Sunday, August 21, 2011

I Pick Huckleberries

A question that I hear from people in most conversations when I tell them I recently moved to Bozeman is: "What do you do there?" or "What are you doing?".

I know what they're getting at. They want to know what I'm doing for work.  But I hate that phrasing of the question because it's supporting that American cultural norm of being defined by one's career. I am a Systems Analyst or I am a Marketing Manager. I don't particularly care for that use of language so I like to mess with 'em a bit.

So when people ask me "What do you do in Bozeman?" I always respond by saying "Hiking, biking, enjoying the mountains. I can't wait for ski season." It's my way of trying to expand their horizons.

Saturday morning I went out on a hike picking huckleberries. Huckleberries are the popular local berry around here and one I'd never interacted with. They look like small blueberries but are more tart.

So the next time someone asks me what I do I'll be able to respond: "I pick huckleberries".

Tuesday, August 16, 2011

Recycle Cycle

Bozeman does not have curbside recycling pickup and its a little sad for me to see how reliant I'd become on that convenience. There's no glass recycling to speak of (though I think there is a place you can take it where it'll be hauled to a different county or something) and everything else needs to be completely separated -- plastics from cans and paper from cardboard.

There are two levels to this inconvenience. First, I now need a whole bunch of separate bins at home where I've gotten used to only having two. Second, I need to transport these items myself to one of the several recycling centers around town, mostly located in the parking lots of big box stores.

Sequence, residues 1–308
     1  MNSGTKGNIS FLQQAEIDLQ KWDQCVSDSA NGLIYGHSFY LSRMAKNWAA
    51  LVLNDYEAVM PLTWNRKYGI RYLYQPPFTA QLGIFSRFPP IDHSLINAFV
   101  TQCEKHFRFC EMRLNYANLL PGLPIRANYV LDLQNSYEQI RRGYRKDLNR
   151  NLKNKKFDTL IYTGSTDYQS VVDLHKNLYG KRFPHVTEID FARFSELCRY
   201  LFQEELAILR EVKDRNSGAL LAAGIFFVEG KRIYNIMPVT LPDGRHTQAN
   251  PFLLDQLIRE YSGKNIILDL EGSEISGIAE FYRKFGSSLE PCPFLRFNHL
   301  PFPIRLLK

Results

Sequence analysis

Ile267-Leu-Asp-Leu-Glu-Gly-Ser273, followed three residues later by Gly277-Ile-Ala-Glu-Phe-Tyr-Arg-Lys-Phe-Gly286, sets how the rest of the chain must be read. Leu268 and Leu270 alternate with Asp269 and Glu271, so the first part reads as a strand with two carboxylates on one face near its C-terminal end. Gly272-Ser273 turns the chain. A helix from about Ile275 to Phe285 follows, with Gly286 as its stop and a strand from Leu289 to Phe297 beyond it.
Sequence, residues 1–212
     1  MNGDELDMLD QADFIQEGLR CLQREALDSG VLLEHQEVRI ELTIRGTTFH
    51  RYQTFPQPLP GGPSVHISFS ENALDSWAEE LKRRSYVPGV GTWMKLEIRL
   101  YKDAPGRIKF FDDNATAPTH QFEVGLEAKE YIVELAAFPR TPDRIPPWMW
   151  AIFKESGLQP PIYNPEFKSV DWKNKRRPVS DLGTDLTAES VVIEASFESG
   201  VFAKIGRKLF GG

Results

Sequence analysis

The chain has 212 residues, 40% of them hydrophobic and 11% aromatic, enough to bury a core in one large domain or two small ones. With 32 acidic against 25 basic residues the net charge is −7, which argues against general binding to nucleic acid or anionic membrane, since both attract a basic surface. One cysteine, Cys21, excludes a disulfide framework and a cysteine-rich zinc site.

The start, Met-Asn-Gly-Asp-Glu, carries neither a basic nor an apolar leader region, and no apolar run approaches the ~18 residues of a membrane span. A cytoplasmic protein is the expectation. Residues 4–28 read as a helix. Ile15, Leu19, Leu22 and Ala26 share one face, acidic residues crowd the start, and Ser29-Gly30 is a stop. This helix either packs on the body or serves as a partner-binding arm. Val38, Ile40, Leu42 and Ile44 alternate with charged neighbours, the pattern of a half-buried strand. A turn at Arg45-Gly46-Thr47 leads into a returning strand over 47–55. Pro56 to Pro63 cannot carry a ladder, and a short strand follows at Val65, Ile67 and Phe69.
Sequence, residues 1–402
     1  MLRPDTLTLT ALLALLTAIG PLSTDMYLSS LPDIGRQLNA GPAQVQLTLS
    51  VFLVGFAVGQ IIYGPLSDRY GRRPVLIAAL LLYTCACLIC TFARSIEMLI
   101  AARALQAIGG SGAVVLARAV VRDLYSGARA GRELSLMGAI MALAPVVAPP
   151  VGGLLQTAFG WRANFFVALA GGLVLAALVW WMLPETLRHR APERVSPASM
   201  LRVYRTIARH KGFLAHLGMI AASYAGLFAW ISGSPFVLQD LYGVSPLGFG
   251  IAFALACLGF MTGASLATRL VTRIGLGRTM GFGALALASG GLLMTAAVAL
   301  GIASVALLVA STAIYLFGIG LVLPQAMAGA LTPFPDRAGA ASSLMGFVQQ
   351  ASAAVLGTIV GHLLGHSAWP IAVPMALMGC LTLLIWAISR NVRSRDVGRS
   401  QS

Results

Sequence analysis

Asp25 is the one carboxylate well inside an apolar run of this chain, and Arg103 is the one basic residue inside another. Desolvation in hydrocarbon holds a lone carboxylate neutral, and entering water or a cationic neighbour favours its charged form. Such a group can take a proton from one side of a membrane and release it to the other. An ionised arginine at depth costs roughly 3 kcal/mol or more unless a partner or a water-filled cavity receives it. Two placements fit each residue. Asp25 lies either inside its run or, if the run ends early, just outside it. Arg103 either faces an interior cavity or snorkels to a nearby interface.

Today I made my first recycling run. Since I've cut back on soda in the past year I've been drinking lots of La Croix sparkling water in cans -- two or three per day. So I had 6 weeks of crushed cans to recycle and, as you may know, I'm not a fan of driving my car. That means that I'd take the cans by bike.

Fortunately I recently purchased a kickass handmade messenger bag from Andy at Trash Messenger Bags and it was up to the task. First I crushed all the cans down small so I could fit 'em all in the bag. Here's a picture of my bike and my custom designed Trash messenger bag filled with recyclables.

And here's the same photo but with the can bag out of the messenger bag. The messenger bag has a great volume.

I only had to bike about a mile to get to the recycling bins, so that's not too bad. The bigger challenge for me is that I need to set up more recycling receptacles in my house. I don't exactly have a convenient space for them so these multiple inconveniences are causing me some delay in getting a new system setup. But I'm making progress and should get it all together soon enough.

This massive pile of cardboard boxes left over from my move might require more than a bicycle, however. Or at least I'll have to borrow a trailer.

Thursday, August 4, 2011

My Career (Chutes &) Ladder

Sometimes your life leads you down a path that you didn't entirely plan, but that, in retrospect, was leading you to the place you wanted to be all along. This is a story about a career path not towards more money and more prestige, but toward more freedom.

When I graduated from college, like many young bucks I wanted to climb some corporate ladder and make a name for myself in the business world.  Work downtown in a skyscraper. Carry a briefcase. Make a lot of money. Own a cabin and a boat. Because that's what the generations before us wanted, right? That's what we were brought up to believe was "success".

Times were tough after college so I was happy to get a job at Lutheran Brotherhood, due, in part, to a friendly family connection with the Chairman of the Board. I made $18,000 and immediately bought a new car for $12,000 because that's what rising young businessmen did. The new car is often the first big status symbol Americans purchase to let their friends and family know that they're making it. I worked my tail off those first 3 years, getting promoted up 3 more rungs and displaying my talents for all to see.

But then something changed. I was 26.

Truthfully, what I remember most about the shift in my focus are two things. The first is this John Denver lyric from "Rocky Mountain High":